Nearly eight years ago, ExxonMobil boasted the biggest market value of any company in the world. Then last August, after announcing three consecutive quarter losses totaling $2.4bn, it was ousted from the Dow Jones Industrial Average, a position it had held for nearly a century. How fitting for a giant whose scientists warned about the greenhouse effect half a century ago and whose bosses, Exxon’s corporate captains, threatened by the truth, put profit over planet. Together with other oil titans, they spent hundreds of millions on a massive disinformation campaign to obscure the science and to create confusion, doubt and delay, a message rightwing media parroted to conservative America. Humans cause climate change? Don’t believe it. It’s socialism.
Like those Exxon captains and the Puritan ministers of nearly 400 years ago, today’s Harvard Corporation is a prisoner of its own power, cozy in its repose and narrow beliefs that it knows what’s best, what’s right.
But pro-divestment students, faculty and alumni are unrelenting. They’ve read the peer-reviewed science – the best thing ever devised to eliminate personal bias – and determined what’s true. They understand ethics, morality and their place in history. They know Harvard didn’t go co-ed until 1946, has had only one female president, and is run predominantly by cautious, comfortable white men. They also know that divestment works, as it did to help end apartheid in South Africa in the 1980s, big tobacco in the 1990s, and the Darfur genocide of the 2000s.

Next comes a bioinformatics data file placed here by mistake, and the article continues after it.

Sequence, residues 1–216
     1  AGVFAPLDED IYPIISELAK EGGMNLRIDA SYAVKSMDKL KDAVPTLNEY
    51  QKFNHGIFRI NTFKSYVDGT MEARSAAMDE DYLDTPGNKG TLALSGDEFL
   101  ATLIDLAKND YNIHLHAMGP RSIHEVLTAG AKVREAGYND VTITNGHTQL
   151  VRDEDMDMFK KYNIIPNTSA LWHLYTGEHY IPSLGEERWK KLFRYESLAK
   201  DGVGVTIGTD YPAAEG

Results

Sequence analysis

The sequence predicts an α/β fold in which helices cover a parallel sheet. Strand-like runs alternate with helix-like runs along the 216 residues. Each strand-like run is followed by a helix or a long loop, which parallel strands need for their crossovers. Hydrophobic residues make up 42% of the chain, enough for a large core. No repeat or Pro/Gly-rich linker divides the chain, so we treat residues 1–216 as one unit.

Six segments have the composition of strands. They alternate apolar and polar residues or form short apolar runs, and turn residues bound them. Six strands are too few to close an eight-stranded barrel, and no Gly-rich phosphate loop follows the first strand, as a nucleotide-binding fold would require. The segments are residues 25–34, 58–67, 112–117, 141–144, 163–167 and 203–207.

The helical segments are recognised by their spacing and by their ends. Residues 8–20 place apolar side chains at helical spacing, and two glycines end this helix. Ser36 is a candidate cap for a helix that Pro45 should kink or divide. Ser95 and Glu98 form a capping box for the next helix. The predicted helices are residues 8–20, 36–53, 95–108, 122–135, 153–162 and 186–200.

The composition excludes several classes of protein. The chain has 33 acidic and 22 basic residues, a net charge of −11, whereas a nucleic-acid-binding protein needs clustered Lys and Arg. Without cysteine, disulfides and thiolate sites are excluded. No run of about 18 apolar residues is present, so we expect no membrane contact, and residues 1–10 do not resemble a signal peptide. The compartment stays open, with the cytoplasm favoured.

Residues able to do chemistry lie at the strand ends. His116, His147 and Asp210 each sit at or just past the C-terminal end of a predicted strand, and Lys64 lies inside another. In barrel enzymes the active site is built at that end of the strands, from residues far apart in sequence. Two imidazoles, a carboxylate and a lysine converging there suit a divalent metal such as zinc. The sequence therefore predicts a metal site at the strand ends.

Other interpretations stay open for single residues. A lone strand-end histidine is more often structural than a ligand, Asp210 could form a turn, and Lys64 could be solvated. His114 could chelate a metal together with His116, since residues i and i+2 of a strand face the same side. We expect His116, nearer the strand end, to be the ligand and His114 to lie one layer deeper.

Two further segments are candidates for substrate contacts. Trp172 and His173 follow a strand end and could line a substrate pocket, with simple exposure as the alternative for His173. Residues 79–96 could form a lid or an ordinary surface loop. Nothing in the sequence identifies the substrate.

Maybe those cautious, comfortable white men will change their minds when they witness a rising, acidic ocean swallow Harvard Yard, or can fry an egg on their driveways or patios.
They won’t be the only ones.
How ironic that our fossil fuel habit, which powered the greatest economic growth in human history, and gave us unprecedented prosperity, now threatens our stable future. Those who know this and today fight for clean energy, from courageous Harvard freshmen to ageing professors emeriti, are heroes. They have strong opinions, but also, and equally important, they have empathy.
“There are men,” Emerson wrote, “who, by their sympathetic attractions, carry nations with them, and lead the activity of the human race.” There are women, too.
Veritas. It’s true.
Kim Heacox is a frequent contributor to the Guardian. He is also the author of many books, including The Only Kayak, a memoir, and Jimmy Bluefeather, a novel, both winners of the National Outdoor Book Award. He and his wife live in Alaska; they divested from fossil fuels years ago.